A favorite game of mine is to scatter some change on the pool steps and have the child collect as many coins as she can in 30 seconds. Floating toys are equally important. Anything that sits on the surface of the water can be used to practice arm-reaching, which helps a child get a feel for balance in the water.
Your child can even eat the fruit when you’re done playing (but be sure to wash it first).
Beyond games, make sure your child practices gripping the side of the pool on her own and climbing out unassisted. Children as young as 12 months old should be able to do so. (Your kids climb all over the furniture, don’t they?).
Give your child a phrase to help her remember the mechanics of climbing out. I keep it simple, with words like ”elbow, elbow, tummy.”
Once the child’s belly is on the side, she’ll know to get a knee or foot up onto the deck to complete the action. And if your child will jump to you in the pool, make sure that you ALWAYS return to the side of the pool immediately. You need to ingrain the idea of turning around and finding the safety of the side.
I tell my students, “I won’t always be around to help you, but the side is always there.”
Movers & Shakers: Children 3 – 7 Years Old
Kids between 3 and 7 years old are in their prime for learning how to swim. By this age, most children have gotten over their fear of the water. And they can understand why they’re being asked to learn this new skill.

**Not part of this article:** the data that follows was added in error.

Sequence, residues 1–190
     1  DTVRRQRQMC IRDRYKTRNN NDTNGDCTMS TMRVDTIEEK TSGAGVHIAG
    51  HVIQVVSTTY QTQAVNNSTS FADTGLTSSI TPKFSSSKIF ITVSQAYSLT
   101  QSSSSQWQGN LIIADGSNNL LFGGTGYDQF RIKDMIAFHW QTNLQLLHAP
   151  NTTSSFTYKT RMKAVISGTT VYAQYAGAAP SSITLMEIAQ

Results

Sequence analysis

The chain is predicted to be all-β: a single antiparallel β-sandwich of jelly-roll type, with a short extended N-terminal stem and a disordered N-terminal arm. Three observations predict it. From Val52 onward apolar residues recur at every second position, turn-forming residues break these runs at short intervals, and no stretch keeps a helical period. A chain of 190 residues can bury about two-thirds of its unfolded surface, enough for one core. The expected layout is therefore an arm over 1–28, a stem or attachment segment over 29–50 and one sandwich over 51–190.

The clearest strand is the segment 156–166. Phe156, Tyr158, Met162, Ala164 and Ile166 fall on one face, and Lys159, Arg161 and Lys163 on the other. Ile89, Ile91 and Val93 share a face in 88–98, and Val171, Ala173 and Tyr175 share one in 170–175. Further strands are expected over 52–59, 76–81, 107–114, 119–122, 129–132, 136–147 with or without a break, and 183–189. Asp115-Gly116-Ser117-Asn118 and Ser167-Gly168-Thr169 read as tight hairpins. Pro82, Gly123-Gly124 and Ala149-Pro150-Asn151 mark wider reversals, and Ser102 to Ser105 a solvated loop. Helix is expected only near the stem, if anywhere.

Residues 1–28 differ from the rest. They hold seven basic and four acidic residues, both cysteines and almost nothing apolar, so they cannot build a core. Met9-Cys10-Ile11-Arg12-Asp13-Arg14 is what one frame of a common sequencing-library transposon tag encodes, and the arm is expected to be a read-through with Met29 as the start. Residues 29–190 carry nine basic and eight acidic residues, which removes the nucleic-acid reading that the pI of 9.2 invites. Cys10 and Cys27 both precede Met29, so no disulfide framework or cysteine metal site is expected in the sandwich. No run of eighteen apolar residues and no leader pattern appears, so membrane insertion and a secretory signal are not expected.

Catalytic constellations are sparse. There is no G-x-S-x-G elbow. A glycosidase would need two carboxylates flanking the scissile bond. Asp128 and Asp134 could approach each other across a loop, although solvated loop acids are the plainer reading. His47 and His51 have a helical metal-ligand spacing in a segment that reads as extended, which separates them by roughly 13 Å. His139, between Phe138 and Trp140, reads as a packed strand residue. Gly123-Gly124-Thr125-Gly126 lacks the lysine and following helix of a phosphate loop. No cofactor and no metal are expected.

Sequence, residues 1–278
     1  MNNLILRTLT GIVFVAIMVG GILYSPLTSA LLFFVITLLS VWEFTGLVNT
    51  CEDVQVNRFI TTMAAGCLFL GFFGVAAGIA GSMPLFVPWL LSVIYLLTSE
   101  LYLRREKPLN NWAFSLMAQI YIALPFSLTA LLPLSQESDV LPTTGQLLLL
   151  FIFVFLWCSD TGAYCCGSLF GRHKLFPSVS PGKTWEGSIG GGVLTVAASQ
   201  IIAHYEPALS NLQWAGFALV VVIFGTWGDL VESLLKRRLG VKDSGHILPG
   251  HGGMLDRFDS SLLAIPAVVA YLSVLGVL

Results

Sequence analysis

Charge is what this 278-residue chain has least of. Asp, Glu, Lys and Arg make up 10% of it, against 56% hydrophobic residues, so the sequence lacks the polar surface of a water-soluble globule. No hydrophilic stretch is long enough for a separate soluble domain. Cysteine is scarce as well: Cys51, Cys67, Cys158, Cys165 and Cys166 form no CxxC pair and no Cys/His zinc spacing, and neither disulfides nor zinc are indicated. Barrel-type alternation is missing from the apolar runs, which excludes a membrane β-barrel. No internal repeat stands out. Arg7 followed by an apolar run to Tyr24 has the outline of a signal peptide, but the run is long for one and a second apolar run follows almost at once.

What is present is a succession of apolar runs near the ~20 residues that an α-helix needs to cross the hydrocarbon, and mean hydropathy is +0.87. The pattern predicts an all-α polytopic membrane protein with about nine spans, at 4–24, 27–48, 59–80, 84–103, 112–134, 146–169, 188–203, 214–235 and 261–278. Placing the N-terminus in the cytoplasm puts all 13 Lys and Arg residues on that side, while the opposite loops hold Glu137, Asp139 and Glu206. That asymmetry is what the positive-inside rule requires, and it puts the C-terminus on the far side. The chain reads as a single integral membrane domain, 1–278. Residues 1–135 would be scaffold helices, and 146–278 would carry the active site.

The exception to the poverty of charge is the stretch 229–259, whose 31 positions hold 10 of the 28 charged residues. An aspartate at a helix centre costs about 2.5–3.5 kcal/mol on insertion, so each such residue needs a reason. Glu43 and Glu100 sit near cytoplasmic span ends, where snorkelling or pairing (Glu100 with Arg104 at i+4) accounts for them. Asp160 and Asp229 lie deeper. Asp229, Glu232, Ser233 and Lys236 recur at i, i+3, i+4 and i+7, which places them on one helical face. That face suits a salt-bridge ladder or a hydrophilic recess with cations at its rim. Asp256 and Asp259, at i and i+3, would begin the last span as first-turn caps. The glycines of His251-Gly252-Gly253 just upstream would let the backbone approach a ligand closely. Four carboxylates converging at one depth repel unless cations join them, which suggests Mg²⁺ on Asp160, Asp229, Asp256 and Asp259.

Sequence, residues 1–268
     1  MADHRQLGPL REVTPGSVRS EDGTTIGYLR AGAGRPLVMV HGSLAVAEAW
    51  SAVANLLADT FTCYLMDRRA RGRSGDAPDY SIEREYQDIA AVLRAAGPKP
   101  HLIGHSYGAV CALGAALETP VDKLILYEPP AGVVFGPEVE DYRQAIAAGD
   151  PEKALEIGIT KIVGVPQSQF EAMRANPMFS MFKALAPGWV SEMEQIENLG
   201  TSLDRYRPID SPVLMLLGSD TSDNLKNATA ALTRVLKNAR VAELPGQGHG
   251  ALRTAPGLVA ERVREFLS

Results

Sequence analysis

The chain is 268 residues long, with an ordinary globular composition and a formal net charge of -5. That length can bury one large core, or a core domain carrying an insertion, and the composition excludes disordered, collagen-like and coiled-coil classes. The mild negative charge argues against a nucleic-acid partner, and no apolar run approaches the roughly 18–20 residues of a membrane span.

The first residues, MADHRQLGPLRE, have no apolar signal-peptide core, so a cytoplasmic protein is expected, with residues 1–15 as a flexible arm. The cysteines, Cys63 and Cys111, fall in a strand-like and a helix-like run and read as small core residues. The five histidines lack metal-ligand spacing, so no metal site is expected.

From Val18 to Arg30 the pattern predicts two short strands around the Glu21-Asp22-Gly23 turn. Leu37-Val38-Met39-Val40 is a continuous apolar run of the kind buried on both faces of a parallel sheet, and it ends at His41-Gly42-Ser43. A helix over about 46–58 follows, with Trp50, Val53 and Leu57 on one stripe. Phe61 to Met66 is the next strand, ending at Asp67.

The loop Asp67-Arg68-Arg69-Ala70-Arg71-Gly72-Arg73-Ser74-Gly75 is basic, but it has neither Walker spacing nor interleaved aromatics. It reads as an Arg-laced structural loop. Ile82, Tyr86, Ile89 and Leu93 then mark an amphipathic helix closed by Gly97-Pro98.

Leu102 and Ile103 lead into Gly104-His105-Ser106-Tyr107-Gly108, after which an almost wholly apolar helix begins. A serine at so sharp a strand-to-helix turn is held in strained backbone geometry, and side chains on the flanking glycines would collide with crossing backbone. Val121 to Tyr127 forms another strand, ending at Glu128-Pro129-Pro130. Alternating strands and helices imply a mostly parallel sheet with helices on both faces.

Encourage your child further by telling her all the fun things she can participate in once she can swim: pool parties with friends, water parks, and snorkeling adventurers are all things a non-swimmer might miss out on.
At this age, you should still be practicing bubble-blowing every time you’re in the pool. There’s nothing more important than exhaling when your child’s face is in the water, and your goal is to make this an automatic response. That way, if your child falls or is pushed into a pool, she’ll start exhaling immediately and won’t choke on water. This can be a life-saving measure in many cases.
Inhaling water incites panic which will inhibit your child from finding her way to the side of the stairs. In addition to blowing bubbles, you should work on basics like kicking and pulling with the arms.
It’s also recommended that you practice some essential survival skills like floating and rolling over in the water.
Start With Kicking
Kicking is fairly basic. If you have a kickboard, have your child grip the sides of the board firmly, while leaving enough space for her head to be in the water. While she blows bubbles, encourage her to stretch her legs out behind her body and “flop” her feet to make small splashes. This is one instance where “bigger” doesn’t necessarily mean “better”. Some beginning swimmers confuse big splashing with effective movement.
However, large splashes mean your child is wasting energy on bending her knees too far out of the water to cause a splash.